Ireland's Oil and Gas Industry: Snapshot Comparison of Global Tax Regimen
There have been a number of recent reports in the media of increased oil and natural gas exploration activity off the Irish coast. These reports point to the potential for large volumes of high quality crude oil and natural gas that could have a market value in the several hundred billions of euro. These exploration activities are being undertaken by a range of exploration companies, ranging from small scale dedicated exploration companies to large scale international energy companies, such as the leading energy market player Exxon Mobil.
All this activity naturally raises the question of how Ireland will benefit. This is a very controversialtopic that has been and continues to be actively and heatedly discussedin the media and online, with very different opinions and viewpoints coming from Government, industry and protest groups. In light of this ongoing debate, I thought it would be useful to present some facts and figures around the Irish tax regime in comparison to tax regimes in other countries ranging from comparable small economies with limited oil and gas industries up to large economies with well-established oil and gas industries. The table below provides an interesting snapshot comparison of global tax regimes in the oil and gas industry, drawn from the impressively comprehensive Ernst and Young 2012 report on the subject. This is a great resource for those interested in taxation issues pertaining to the global oil and gas industry.I am not a tax expert and so I am not offering a critical assessment of the various tax regimes. But even this high level comparison is insightful for informing opinion on the ongoing debate here in Ireland.
A little off topic, but if you are looking for a dependable jewelry store check out this site: Fame diamonds. Recently, I did business with Thai and I was in fact really happy by their professionalism.
Full technical details of the Irish and global tax regimes are available in the Ernst and Young report. But to summarise Ireland's position, income to the Irish economy from oil and gas exploration and production comes in the form of a 25% Corporation Tax and a 5%-15% Resource Rent Tax (RRT). Importantly, both taxation rates are based on profits only and not on revenues the current regime does not apply royalties or any other special charge to oil and gas revenues, unlike in other jurisdictions. The RRT is applied on a scaled basis depending on the profit ratiofor a given field fields are treated on a ring-fenced basis so that losses from one field activity cannot be offset against profits from another field activity. The profit ratio is defined as the cumulative after-tax profits on a specific field divided by the cumulative level of capital investments on the field. The RRT scale works as follows:
- profit ratio <1.5: 0% additional tax;
- profit ratio >1.5 but <3.0: 5% additional tax;
- profit ratio >3.0 but <4.5: 10% additional tax;
- profit ratio > 4.5%: 15% additional tax.
The net effect of the Corporation Tax and the RRT is that taxation on oil and gas profits may range from 25%-40% depending on profitability. However, the tax provisions allow for 100% deduction of both exploration and development expenditures that become available when petroleum extraction commences (in the case of exploration expenditures) and when production in commercial quantities commences (in the case of development expenditures). So the payment of corporation tax potentially may take many years subsequent to the commencement of extraction and production.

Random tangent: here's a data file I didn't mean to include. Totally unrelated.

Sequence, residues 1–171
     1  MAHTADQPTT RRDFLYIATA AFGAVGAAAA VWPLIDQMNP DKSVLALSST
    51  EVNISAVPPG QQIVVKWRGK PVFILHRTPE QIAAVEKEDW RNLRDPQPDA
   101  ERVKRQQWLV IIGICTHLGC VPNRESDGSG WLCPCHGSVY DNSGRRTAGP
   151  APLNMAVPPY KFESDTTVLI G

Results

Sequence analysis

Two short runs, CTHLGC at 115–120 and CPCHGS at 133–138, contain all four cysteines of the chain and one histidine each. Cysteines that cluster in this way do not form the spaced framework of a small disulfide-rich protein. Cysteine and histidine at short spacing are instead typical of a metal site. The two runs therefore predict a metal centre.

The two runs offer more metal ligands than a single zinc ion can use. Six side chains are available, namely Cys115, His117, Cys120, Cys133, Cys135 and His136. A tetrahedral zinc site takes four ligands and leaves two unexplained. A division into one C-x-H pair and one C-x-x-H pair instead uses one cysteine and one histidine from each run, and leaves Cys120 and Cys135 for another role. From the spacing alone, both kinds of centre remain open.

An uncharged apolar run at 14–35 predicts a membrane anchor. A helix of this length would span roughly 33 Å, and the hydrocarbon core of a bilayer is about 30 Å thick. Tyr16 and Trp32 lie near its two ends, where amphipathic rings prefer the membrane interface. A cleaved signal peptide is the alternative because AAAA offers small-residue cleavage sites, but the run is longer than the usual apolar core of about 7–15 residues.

The table below shows how this regime compares globally.
Production Sharing Contract
Other Taxes and Charges
Ireland0%0%-25% Corporation Tax on petroleum activities.5%-15% Resource Rent Tax depending on field profitability relative to capital investment.United Kingdom---30% Corporation Tax ring-fence; Lower rates for non-ring fence 23% on 1 April 2013 and 22% on 1 April 2014.30% Revenue Tax (for fields that received development consent before 16 March 1993); 32% Supplementary Charge (from 24 March 2011).Norway0%0%-28% Corporate Income Tax50% Resource Rent Tax.The Netherlands0-8%0%-25% Corporation Income Tax 20% on first 200,000.Surface Rent Tax of 703 per km2 (production areas) and 235-703 per km2(reconnaissance areas); 50% State Profit Share.Denmark0%0%-Combination of the following: 25% Chaper 2 Corporation Tax;70% Chapter 3 Hydrocarbon Tax; 52% Chapter 3A Hydrocarbon Tax.-Cyprus-YesYes10% Corporation Income Tax.20% Captial Gains Tax;0.4%-0.8% Immovable Property Tax; 10% Branch Tax; 17% VAT.Iceland---20% Corporate Income Tax.5% Production Levy; Progressive Special Hydrocarbon Tax.New Zealand0-20%--28% Corporation Income Tax.-Australia0-12.5%--30% Corporate Income Tax.40% Resource Rent Tax.United StatesOnshore: 12.5% to 30%;Offshore: 18.75%, 16.667% or 12.50% depending on lease age.Onshore and offshore-35% Corporate Income Tax.Severance tax is payable to the state where the product is extracted, including onshore and offshore state waters.CanadaCrown royalties 10-45% special regime for oil sands; Varying freehold royalties.--15% Federal Corporate Tax in 2012 for income subject to tax in a province;Provincial Corporate Tax varies from 10-16%.-
I had been searching for personal injury lawyers this afternoon and found this company Farris Law Firm. They seem very skilled so I decided I should probably share with my audience.
http://propertyhunters.com - Extremely pretty web site.
http://giveclothing.ca - Where could I be without you?
Posted in Business Service Post Date 10/23/2015